Trauma impacts men twice: the moment of the experience and then not being able to talk about it.
Take this all too common example, a school age boy experiences repeated bullying at school. He then gets the courage to talk to his father about it. The boy tearfully tells his father that he is scared to go to school. His father responds, “quit your bitching and be a man about it.” The message is loud and clear: real men must be strong at all times, having emotions is a sign of weakness. Don’t talk about it. Doing so makes you a woman, not a man. The boy will often feel shame because he is fearful of the bullying and that he showed his father his emotions. The boy learns that a real man cuts himself off from his feelings, stays quiet and suffers alone. This common chain of events results in two traumas; the bullying and the shaming.
One therapy that has proven particularly effective for the type of trauma described above is Eye Movement Desensitization and Reprocessing (EMDR) therapy.
What is EMDR Therapy for Men?
EMDR therapy is a depth psychotherapy that focuses on memory. From the EMDR perspective, psychological symptoms are related to the failure to adequately process traumatic memories. What we believe happens is that these overwhelming memories and experiences get frozen in the nervous system along with the emotional charge, thoughts, sensations and urges, associated with that original experience.
When we experience a present day trigger related to the trauma memory, it can reactivate that collection of experiences leading to symptoms. Due to this freezing of the memory, the brain’s information processing system is unable to process the experience, so when a person gets triggered, the past becomes the present. With EMDR therapy we find the memories, both past and present along with current triggers that are stuck and need to be reprocessed with EMDR therapy. In other words EMDR therapy helps the memory become unstuck or unfrozen allowing the brain to adequately process the memory. When this happens there are no longer psychological symptoms.
According to the EMDR Research Foundation, EMDR therapy for trauma has been widely researched and verified by over three dozen controlled research studies. The research on EMDR also suggests that it is an effective treatment for depression, addictions, and anxiety disorders. It is also highly recommended by the World Health Organization (WHO) and the International Society for Traumatic Stress Studies (ISTSS).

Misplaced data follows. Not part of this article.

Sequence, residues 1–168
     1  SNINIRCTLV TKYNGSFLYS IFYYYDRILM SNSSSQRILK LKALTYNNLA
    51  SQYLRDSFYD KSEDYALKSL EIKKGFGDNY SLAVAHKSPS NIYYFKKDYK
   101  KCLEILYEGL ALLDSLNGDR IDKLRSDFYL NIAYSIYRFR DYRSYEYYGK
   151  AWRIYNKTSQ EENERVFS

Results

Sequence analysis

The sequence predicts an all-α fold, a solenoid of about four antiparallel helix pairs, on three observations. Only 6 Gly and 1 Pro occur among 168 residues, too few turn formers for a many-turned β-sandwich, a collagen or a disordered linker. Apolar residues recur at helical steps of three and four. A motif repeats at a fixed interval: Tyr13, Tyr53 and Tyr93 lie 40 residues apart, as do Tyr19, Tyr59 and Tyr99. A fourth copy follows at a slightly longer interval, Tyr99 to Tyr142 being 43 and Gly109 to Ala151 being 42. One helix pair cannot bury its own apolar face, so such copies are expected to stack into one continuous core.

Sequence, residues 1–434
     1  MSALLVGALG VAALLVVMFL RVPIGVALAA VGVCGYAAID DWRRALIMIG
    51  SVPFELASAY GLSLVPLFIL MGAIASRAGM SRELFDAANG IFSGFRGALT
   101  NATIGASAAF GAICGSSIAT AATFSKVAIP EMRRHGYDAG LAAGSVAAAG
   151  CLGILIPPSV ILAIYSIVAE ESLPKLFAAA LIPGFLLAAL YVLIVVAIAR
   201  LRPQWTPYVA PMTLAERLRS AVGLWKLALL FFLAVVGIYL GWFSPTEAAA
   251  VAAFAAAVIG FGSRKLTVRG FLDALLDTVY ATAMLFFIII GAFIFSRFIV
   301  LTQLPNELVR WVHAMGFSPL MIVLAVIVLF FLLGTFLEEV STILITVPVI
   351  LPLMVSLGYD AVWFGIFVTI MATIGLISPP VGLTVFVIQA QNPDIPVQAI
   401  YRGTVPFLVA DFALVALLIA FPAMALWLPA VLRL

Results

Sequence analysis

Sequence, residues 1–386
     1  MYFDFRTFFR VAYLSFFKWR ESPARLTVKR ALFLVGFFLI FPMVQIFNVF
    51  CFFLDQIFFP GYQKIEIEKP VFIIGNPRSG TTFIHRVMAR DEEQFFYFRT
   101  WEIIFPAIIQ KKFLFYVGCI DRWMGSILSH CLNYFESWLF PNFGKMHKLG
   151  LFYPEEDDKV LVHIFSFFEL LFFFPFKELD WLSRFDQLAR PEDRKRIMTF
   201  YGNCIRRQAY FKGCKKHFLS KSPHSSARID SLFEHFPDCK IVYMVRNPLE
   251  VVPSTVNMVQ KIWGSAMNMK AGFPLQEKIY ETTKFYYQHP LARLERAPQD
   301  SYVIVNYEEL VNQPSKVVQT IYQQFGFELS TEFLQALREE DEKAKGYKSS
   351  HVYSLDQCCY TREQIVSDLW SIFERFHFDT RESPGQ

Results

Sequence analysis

How Does EMDR Therapy Benefit Men?
Traditionally, men are expected to be publicly strong and not allowed to show any vulnerability. This gender role stress forces them to block feelings, resulting in long-term silent suffering. In reality, suppressing these feelings prevents them from processing grief, anxiety, trauma or life transitions.
These are just some of the barriers men face when starting therapy. Fortunately, EMDR therapy addresses each of these common concerns:
“What if therapy is like Pandora’s box? If I start to talk about my feelings, I’ll open the flood gates and never be able to stop.”
Early on in EMDR therapy men learn calming and containment strategies. This means they learn skills to calm and then contain or put away distressing memories, thoughts and feelings. This gives men the confidence to explore difficult emotions and experiences, but also have the skills to return to their baseline. Therefore, this will not be like Pandora’s box, they can open up the box and then learn to close it again.
“Therapy seems so open ended. How can talking about the problem fix the problem?”
EMDR therapy is a structured, phase-oriented therapy focused on symptom reduction. This means you always know where you are in the therapy process. This also means this therapy is action oriented by working on past, present and future memories that are contributing to current symptoms.
“I don’t remember having trauma. How will I know what’s causing my symptoms?”
Often men come to therapy unaware of the root cause of their symptoms. EMDR Therapy for men often starts with psychoeducation on how current symptoms like anxiety or anger are often rooted in past negative experiences. A trained EMDR therapist can assist the client in uncovering these memories. For some men who struggle to remember trauma in their past, these memories will often spontaneously emerge during the safety of the therapy work.
“My life hasn’t been that hard. Why can’t I just deal with it on my own?”
Due to difficulties some men have with communication, untreated trauma may silently creep up on them. This is especially common with challenges in relationships and employment rather than more obvious causes such as experiencing war. The pressure to be strong and in control can prevent many men from seeking help. EMDR can safely and quickly identify and resolve the roadblocks in your life, and help you develop healthy coping mechanisms.